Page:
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3 Steps to Usability - Articles Surfing

Websites are built for specific types of viewers and must appeal to a definite target market. Users must be able to view your site, scan everything, and immediately understand what the website is about. Similarly, for maximum usability, your website has to appeal to the needs of search engines. Usability comes down to three main areas: site design, page design, and development. If carried out properly, these elements will bring both users and search engines to your site and keep them coming back for more.

Site Design

Site design starts before the user ever views your homepage. The download speed of your website can immediately spark the user to click on another site. Excessive graphics or graphics that are not properly optimized for the web can slow down the load speed of any website. By avoiding this concern and designing your website with your user's goals and needs in mind you will create a more positive user experience. Similarly, thinking about the navigation, how the site will work, and why users are coming to your site will give you greater insight to what you need to achieve when designing a new website. Don't let design elements be a usability handicap. Placing pertinent information in highly visible sections of the site will be most effective and will ensure that the design is functional as well as aesthetically pleasing.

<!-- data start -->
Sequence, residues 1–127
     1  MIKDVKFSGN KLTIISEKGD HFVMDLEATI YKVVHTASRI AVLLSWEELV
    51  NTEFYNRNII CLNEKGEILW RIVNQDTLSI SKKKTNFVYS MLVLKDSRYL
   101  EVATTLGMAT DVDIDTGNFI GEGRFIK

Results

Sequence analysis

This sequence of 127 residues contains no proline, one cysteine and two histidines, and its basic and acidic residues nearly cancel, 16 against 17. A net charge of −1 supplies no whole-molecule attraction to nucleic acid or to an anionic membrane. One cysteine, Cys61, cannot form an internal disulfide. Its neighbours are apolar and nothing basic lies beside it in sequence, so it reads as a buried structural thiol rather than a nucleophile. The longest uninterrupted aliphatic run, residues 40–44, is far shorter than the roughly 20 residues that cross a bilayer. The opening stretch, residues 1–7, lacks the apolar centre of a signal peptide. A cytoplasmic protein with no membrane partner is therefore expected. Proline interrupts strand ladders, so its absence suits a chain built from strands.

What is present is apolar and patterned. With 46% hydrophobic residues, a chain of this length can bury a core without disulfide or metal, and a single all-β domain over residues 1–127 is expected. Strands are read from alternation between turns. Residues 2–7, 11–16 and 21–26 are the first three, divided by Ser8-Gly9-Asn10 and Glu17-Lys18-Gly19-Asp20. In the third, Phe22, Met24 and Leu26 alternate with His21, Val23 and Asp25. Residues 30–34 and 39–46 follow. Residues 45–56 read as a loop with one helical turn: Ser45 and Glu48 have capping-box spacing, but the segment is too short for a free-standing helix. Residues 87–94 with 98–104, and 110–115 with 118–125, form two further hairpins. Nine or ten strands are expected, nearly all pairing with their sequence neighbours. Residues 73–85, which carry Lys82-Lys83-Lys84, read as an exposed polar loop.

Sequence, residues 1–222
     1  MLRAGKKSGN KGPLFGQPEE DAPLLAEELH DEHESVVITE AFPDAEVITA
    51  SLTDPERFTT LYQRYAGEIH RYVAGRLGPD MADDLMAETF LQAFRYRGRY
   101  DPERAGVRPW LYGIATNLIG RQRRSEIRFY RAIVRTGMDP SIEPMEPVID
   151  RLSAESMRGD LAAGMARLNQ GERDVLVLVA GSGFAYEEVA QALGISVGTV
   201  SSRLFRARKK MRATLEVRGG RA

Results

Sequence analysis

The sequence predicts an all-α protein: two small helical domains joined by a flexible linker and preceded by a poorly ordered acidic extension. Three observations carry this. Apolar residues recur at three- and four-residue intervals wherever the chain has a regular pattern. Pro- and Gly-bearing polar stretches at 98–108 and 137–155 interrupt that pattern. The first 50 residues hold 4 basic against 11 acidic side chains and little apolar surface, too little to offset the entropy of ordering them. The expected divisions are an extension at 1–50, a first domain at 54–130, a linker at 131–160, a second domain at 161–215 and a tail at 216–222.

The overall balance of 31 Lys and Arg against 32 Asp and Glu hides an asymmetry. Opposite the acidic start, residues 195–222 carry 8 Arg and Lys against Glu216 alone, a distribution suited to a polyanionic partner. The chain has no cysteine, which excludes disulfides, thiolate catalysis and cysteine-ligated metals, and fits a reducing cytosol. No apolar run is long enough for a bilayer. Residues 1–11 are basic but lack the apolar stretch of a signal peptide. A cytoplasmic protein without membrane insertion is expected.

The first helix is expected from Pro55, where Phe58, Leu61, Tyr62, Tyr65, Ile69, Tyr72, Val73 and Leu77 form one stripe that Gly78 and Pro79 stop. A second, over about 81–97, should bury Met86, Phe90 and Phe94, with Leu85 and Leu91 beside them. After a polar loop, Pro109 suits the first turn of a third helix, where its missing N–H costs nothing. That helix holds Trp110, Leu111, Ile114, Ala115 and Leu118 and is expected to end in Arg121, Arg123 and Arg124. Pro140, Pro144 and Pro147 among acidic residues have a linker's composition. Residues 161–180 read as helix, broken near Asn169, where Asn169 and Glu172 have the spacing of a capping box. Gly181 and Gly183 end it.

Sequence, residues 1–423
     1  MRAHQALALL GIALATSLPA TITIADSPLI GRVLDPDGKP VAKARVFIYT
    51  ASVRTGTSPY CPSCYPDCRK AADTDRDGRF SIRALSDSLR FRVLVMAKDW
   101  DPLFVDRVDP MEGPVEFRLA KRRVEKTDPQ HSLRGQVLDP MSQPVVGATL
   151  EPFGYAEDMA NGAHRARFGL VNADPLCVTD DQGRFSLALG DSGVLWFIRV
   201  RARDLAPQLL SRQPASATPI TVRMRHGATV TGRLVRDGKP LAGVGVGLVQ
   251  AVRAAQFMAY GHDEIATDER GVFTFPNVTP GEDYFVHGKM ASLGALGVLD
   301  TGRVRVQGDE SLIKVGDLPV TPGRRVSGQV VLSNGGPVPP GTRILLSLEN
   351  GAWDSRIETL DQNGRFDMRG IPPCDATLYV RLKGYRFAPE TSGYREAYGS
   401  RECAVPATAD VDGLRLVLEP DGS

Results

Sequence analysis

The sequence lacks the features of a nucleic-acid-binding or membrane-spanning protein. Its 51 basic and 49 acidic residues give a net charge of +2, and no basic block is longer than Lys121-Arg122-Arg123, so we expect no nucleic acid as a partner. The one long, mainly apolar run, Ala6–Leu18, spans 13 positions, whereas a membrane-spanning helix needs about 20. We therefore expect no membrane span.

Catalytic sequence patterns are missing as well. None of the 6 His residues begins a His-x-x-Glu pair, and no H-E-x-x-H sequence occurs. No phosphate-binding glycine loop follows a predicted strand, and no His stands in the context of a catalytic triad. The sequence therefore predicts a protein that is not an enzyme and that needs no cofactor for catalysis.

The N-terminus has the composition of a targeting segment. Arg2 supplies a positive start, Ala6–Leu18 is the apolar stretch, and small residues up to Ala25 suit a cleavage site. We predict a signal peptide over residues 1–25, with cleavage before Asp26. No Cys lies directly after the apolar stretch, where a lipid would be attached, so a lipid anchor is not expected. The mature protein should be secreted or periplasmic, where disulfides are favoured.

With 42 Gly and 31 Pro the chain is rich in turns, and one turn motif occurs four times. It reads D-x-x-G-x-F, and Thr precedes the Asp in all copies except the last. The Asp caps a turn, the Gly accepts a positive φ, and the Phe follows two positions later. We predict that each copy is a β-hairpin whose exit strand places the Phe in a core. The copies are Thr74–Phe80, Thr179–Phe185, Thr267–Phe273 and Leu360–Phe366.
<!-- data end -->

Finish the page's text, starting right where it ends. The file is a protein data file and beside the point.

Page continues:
Page Design